This dramatic documentary follows the parallel stories of America's relationship with the African republic of Liberia.

Two hundred years after the first Africans were transported to America against their will, their descendants sailed back to the land of their ancestors. Soon, thousands of freeborn Blacks and former slaves settled on Africa's west coast, in the land that would become Liberia, named for the liberty they so dearly sought. Liberia's growth from a "colony" with a coastline barely 600 miles long to a modern state was not without challenges, but nothing prepared Liberians for the country's devastating civil war that began on Christmas Eve, 1989, and lasted seven long years. The untold story of America's African progeny is presented in Liberia: America's Stepchild. This dramatic documentary follows the parallel stories of America's relationship with the African republic of Liberia -- founded and backed by the American Colonization Society (ACS) and the U.S. government as a home for freeborn Blacks and former slaves -- and the settlers' relationship with the indigenous people. As seen through the eyes of Liberian filmmaker Nancee Oku Bright, the film also explores the causes of the turmoil that has ravaged Liberia since 1980.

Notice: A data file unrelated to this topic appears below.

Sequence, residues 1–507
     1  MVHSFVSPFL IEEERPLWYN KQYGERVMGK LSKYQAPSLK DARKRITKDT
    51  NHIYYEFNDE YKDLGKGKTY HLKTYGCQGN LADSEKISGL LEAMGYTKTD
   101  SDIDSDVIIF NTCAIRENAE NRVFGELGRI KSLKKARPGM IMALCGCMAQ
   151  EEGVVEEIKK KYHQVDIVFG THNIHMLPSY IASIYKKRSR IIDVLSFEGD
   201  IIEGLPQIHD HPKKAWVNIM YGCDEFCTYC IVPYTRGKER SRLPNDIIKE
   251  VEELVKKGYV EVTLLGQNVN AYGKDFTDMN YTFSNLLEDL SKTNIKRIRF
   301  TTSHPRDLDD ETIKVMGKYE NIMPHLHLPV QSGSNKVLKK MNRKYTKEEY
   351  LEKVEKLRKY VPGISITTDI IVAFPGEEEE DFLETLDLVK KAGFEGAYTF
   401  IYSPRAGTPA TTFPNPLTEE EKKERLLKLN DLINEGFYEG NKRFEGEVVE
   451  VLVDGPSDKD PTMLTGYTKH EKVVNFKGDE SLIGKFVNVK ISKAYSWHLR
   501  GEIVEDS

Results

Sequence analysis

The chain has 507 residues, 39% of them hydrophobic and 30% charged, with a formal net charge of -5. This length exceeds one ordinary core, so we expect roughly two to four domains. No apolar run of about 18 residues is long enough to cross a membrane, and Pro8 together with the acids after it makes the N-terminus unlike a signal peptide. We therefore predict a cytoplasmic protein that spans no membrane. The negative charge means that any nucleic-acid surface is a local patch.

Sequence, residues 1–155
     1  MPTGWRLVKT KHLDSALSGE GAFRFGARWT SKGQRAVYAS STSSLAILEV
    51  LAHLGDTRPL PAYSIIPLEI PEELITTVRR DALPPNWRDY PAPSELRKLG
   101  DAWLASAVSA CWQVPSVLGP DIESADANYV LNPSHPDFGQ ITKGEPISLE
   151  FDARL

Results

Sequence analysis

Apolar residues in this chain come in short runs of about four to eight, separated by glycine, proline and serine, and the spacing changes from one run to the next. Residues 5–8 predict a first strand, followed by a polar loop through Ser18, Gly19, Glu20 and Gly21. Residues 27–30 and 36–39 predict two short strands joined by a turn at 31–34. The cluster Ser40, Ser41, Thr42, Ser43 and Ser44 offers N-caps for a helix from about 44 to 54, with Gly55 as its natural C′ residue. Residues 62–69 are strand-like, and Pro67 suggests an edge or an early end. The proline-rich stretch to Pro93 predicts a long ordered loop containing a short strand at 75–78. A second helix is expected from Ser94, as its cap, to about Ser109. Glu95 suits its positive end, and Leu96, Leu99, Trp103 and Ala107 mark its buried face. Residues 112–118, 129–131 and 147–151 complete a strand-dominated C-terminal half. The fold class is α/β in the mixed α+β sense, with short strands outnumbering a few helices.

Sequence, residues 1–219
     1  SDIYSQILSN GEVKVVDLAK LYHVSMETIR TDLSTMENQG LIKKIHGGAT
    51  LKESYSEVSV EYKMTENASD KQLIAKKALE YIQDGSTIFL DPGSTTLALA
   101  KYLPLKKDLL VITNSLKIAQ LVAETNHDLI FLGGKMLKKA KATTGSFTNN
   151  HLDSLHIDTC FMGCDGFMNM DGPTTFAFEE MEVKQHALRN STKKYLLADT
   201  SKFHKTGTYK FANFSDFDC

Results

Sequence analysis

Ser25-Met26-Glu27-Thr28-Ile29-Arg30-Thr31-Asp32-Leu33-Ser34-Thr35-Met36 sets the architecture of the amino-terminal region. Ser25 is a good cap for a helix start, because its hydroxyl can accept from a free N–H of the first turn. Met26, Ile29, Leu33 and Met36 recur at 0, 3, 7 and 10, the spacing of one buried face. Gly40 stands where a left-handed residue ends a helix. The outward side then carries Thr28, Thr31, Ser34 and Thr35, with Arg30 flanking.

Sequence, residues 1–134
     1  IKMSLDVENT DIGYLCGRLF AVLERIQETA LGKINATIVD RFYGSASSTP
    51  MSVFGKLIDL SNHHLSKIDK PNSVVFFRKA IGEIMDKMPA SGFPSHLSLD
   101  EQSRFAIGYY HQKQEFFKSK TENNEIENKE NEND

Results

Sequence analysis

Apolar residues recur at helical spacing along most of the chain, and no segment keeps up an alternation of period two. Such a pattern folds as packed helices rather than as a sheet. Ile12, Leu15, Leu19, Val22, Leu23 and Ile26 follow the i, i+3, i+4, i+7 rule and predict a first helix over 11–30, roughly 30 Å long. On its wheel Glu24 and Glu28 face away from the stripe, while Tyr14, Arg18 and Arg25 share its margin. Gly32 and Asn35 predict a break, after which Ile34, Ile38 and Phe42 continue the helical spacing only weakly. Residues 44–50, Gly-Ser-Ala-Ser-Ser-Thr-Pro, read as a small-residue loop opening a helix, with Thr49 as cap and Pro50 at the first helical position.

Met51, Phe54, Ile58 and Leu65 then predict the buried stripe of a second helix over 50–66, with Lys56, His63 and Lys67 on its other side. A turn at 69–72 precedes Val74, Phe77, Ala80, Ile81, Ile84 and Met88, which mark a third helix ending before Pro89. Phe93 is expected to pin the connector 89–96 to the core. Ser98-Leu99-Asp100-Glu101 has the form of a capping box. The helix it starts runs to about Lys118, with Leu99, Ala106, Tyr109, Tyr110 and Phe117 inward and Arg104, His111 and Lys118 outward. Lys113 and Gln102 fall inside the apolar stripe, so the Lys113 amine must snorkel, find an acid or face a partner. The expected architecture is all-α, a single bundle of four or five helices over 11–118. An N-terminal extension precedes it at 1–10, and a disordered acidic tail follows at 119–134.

Media, Africa, Media, Migration/Immigration, United States